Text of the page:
A great shame then that the slopes remain closed of course, with the hoped-for season start date currently set at January 18th, having slid back from the 7th as Italy matches the UK for virus deaths and infections, amongst the worst in Europe and the world, unfortunately.
Switzerland is the only country in the Alps where you can actually enjoy the fresh snow, with resorts still open. What's open off the slopes in terms of accommodation, dining and other activity options is more restricted and varies from canton to canton, but the lifts themselves are turning.
The number of non-Swiss guests is much lower than usual though due to pandemic travel restrictions.
Here too conditions are pretty good for most areas. 30-60cm of fresh snowfall was widely reported around the weekend and start of this week with Saas-Fee reporting over 60cm (two feet) falling in 72 hours.
A pretty good picture from Scandinavia where most of the region's resorts are now open, several have now passed the metre-snow-base-depth mark and conditions are cold and snowy. Of course, that's how it should be in January, but it's a relief after some rather warmer-than-normal and sometimes wet weather in November and December.
Levi, up in the north in Finnish Lapland, even joyfully proclaimed daylight had returned at the weekend after three weeks of polar night due to its northerly latitude.
The excellent news from the Pyrenees this week was the decision of Andorra's ski areas to open for the season last weekend. The date of the 2nd had been mooted a little before Christmas but as it drew near centres were uncertain if they could open as little as 48 hours before they did – running lifts free of charge for opening weekend.
The caveat is that like ski areas over the border in Spain, only locally based skiers are allowed on the slopes at present. There's been more fresh snowfall and those living locally report great conditions.
The region's bigger resorts like Baqueira Beret (which reported another 15cm of snow on Wednesday) and Grandvalira are each opening up 100km or so of piste.
In what is turning out to be an ironic repeat of the end of last winter when Scottish ski centres were forced to close due to the pandemic lockdown just as conditions there got really good, the Scottish Government shut down the three centres that were operating (under strict limits) just as conditions this season were looking ever better.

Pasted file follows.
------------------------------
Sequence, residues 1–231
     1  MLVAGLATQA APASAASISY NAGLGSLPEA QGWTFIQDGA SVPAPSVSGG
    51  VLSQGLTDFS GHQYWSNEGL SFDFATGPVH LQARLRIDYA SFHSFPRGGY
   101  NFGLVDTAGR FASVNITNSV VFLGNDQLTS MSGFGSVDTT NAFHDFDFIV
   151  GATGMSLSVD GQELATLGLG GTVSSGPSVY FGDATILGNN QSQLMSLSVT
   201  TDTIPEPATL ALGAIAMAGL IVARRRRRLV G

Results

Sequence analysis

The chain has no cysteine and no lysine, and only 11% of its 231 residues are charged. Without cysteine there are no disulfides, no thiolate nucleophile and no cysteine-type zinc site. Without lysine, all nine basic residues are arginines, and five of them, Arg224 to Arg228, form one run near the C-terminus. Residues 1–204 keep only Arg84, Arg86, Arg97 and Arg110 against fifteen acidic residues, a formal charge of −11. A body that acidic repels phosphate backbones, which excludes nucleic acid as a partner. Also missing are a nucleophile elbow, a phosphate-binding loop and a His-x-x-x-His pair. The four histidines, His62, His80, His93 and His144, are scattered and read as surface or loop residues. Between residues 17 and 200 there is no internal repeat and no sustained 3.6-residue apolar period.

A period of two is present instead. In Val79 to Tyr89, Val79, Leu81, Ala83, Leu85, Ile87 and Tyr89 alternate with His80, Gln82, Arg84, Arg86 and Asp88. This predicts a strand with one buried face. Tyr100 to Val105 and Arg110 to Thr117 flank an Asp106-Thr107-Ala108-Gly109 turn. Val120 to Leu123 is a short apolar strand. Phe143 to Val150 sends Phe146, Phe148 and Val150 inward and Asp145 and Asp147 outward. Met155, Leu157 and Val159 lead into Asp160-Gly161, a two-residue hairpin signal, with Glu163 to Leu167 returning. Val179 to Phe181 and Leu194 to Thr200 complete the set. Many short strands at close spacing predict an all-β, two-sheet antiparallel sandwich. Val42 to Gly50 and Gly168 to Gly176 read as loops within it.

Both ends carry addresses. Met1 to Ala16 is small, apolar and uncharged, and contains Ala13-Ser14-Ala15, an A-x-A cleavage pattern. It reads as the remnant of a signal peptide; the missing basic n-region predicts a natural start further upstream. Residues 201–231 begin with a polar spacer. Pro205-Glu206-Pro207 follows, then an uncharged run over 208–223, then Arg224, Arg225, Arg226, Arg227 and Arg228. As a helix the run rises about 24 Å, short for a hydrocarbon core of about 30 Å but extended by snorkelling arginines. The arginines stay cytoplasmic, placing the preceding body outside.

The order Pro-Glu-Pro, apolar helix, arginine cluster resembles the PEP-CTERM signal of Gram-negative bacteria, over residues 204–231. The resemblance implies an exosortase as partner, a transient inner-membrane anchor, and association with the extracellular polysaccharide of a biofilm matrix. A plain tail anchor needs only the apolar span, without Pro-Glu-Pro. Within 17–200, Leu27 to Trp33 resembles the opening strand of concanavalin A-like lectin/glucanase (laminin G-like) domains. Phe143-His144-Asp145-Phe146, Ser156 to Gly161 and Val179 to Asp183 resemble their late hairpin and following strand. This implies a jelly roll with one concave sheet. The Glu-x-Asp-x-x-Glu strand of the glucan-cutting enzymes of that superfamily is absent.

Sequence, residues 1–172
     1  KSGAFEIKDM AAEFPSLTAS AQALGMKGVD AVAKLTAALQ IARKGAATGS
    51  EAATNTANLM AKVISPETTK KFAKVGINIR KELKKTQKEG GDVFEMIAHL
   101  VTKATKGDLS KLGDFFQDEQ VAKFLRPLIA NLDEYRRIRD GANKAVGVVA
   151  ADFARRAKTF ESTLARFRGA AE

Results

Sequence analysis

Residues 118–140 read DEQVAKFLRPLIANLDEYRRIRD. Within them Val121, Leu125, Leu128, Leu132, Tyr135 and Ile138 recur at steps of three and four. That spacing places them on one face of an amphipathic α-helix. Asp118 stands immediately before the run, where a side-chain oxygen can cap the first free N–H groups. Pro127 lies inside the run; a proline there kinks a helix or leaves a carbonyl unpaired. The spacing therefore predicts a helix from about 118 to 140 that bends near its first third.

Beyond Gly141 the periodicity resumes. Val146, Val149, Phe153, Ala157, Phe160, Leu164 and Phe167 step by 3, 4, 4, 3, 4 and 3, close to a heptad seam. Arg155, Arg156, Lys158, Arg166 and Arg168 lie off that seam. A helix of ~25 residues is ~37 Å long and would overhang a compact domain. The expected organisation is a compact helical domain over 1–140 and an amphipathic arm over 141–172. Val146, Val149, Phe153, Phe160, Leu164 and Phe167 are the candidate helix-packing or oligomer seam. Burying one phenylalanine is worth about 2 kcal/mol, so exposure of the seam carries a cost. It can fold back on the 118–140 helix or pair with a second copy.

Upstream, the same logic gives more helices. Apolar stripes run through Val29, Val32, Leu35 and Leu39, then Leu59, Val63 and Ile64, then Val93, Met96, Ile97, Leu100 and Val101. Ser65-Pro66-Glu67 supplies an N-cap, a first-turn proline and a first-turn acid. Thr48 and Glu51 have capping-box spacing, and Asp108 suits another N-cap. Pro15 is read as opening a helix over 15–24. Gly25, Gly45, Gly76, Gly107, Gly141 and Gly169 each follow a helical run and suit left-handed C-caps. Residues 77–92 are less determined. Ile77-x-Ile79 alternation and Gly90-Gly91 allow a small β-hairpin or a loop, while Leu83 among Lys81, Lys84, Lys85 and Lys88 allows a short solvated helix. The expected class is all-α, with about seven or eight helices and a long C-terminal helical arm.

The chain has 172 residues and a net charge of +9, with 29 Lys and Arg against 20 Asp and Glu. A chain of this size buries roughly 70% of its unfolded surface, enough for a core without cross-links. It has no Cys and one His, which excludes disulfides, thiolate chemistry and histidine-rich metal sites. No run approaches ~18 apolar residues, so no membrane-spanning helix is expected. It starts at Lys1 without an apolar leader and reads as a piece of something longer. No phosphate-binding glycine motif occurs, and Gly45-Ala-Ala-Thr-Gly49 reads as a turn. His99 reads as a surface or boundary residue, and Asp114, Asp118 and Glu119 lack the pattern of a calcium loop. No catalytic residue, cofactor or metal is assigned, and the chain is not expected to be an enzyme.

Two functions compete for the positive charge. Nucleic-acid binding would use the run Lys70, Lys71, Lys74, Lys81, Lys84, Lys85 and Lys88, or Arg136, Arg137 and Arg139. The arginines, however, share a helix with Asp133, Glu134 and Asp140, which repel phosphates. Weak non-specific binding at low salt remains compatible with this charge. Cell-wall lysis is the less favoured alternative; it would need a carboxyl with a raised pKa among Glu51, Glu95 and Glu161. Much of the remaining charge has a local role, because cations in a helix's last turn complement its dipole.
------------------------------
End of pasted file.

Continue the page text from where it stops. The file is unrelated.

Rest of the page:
Scotland often has periods of rapid temperature change and gale force winds which can make operations difficult but the past three or four weeks have been consistently clear, cold and calm which had allowed centres to open ever more terrain with great snow conditions.
The closure will last at least three weeks but may be extended.
Improving conditions are reported down in Bulgaria with some fresh snowfall allowing resorts like Bansko and Pamporovo to open more terrain and Vitosha to open.
It's a mixed picture elsewhere but mostly down to virus restrictions. The Slovak Republic, home to resorts like Jasna, has closed its ski centres for most of January having been open at Christmas and New Year. It's neighbour the Czech Republic had earlier said resorts could open on the 10th of January.
A very snowy picture in western Canada with Whistler reporting an average of a centimetre (half an inch) of fresh snow an hour falling on its upper slopes for the first three days of the week and many other resorts in BC as well as over the border in Alberta reporting 30-60cm (1-2 foot) accumulations.
For most that builds on an already snowy first month or two of the season meaning great conditions, although at times also high avalanche danger. Unfortunately, the opposite has been the case over in Eastern Canada with warm and wet weather causing issues for much of November and December - thankfully it has been cold in Quebec with some fresh snow this last week and things are fast improving.
Ontario is however still the only region on the continent where ski areas have been closed by the provincial government due to the pandemic.
An improving picture across the US with more snow in most areas but not yet a particularly spectacular season anywhere. The Rockies have reported fresh snow but levels are still down on the average.
The deepest snow is in the Pacific Northwest region but here there has been periods of rain for some, interspersed with snow showers and gales. Over on the east it's definitely a better start to 2021 than the end of 2020, which saw a warm wet spell around Christmas, with consistently sub-zero weather. That has brought a little fresh snow but perfect conditions for the snow-making the region is famous for.